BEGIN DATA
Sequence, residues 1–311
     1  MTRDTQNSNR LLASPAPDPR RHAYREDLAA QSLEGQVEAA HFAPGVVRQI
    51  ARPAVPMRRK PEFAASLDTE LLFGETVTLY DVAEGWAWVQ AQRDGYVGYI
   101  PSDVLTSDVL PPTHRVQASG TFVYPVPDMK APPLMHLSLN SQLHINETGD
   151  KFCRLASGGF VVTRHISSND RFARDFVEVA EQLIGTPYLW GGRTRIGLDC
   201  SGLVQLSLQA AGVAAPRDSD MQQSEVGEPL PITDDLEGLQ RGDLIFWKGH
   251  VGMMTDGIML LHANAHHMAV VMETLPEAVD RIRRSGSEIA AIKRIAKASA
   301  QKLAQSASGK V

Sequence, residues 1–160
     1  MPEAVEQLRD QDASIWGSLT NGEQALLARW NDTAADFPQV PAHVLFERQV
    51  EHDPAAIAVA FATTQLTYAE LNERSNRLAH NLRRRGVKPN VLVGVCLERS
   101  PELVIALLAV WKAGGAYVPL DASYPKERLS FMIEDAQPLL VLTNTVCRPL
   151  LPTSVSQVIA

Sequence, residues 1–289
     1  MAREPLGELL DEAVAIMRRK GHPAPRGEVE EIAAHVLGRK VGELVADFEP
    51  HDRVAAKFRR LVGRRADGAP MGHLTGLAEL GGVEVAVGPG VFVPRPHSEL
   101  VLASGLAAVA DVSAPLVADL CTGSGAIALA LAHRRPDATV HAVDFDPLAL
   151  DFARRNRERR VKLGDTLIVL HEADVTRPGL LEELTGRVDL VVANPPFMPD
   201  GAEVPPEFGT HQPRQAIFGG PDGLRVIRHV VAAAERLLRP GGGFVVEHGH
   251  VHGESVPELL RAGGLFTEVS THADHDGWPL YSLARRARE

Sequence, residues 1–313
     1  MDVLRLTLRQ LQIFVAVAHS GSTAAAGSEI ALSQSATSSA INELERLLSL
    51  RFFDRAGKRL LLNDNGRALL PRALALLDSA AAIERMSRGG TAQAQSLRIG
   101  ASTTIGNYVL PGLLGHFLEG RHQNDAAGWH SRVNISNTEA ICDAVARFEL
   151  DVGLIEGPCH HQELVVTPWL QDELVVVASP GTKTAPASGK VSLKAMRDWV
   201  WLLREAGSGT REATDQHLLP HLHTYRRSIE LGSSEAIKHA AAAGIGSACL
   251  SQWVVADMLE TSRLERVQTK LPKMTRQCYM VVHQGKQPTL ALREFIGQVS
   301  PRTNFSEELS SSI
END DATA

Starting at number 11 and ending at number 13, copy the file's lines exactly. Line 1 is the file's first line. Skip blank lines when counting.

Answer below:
    51  EHDPAAIAVA FATTQLTYAE LNERSNRLAH NLRRRGVKPN VLVGVCLERS
   101  PELVIALLAV WKAGGAYVPL DASYPKERLS FMIEDAQPLL VLTNTVCRPL
   151  LPTSVSQVIA